When someone presents a huge box of basil, Duskie reaches for her phone to contact a chef at Sonoma Family Meal. They’re strategic about where the produce goes: “Like we’re not going to send a bunch of organic dandelion to seniors,” says board member and volunteer Viveka Rydell-Anderson. “We’re going to give them things that are accessible and easy to prepare, and let the professional chefs work their magic with the dandelion.”

Photo Credit: Kelly Conrad

We’ve come to the final step of the process: delivery. Duskie hands out papers with addresses, contact info, and delivery instructions for 24 different places all over the county, from Forestville to Cloverdale—including seven Burbank housing facilities, various food pantries and churches, and Boys and Girls Clubs—and we all start loading boxes into our cars.

“Food is expensive in this area,” says Jacob Rich, resident service coordinator for Burbank Housing, which provides affordable housing for some 10,000 low-income residents. “And now people need more help than ever.” Over the phone he tells me that about 150 families receive weekly produce from Farm to Pantry, many of whom are employed in essential fields like healthcare, hospitality, childcare, and farm work or agriculture.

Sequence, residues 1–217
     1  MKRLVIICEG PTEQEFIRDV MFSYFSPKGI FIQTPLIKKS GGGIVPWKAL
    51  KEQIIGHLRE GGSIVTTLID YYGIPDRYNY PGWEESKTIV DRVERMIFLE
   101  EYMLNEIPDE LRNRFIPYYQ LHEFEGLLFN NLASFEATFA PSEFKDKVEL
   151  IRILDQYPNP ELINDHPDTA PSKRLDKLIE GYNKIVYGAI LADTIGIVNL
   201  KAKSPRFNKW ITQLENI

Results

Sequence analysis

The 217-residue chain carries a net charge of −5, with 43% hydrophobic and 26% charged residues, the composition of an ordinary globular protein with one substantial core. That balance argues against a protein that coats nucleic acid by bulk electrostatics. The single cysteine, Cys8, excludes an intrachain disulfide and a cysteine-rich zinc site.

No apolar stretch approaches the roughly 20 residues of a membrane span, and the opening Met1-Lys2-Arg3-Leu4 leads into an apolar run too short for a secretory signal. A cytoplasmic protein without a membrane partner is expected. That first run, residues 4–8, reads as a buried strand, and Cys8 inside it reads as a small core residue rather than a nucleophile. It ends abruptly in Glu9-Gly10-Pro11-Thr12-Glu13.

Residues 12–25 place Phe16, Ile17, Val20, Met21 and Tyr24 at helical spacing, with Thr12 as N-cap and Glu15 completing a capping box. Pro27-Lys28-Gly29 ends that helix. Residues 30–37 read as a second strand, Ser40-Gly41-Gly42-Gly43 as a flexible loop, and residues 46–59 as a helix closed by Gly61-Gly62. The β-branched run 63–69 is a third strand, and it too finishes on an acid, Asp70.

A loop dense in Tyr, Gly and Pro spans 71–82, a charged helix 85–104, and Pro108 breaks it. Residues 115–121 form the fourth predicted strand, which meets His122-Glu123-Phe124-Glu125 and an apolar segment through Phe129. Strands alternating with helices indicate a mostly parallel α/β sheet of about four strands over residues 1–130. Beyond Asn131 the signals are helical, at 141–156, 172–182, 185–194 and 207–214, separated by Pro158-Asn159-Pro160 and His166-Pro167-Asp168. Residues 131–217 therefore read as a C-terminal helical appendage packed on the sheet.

Before we all depart on our deliveries, Duskie, who’s warm and unpretentious, recounts a recent delivery of ready-to-eat golden peaches at the tent village at the Finley Community Center. It was a scorching hot day. She lingered outside, wondering if one box was enough. “I can practically hear the juice dripping down their chins,” she tells me, “and then I hear someone say, ‘Lady, this is the best peach I’ve ever tasted!’” Luckily, she had a second box to leave with them.

“Farm to Pantry is about food justice,” she emphasizes. “The food is out there, we just have to connect Sonoma County’s abundance with its need. This beautiful produce that only folks like us got to eat before—now everyone gets to eat it.”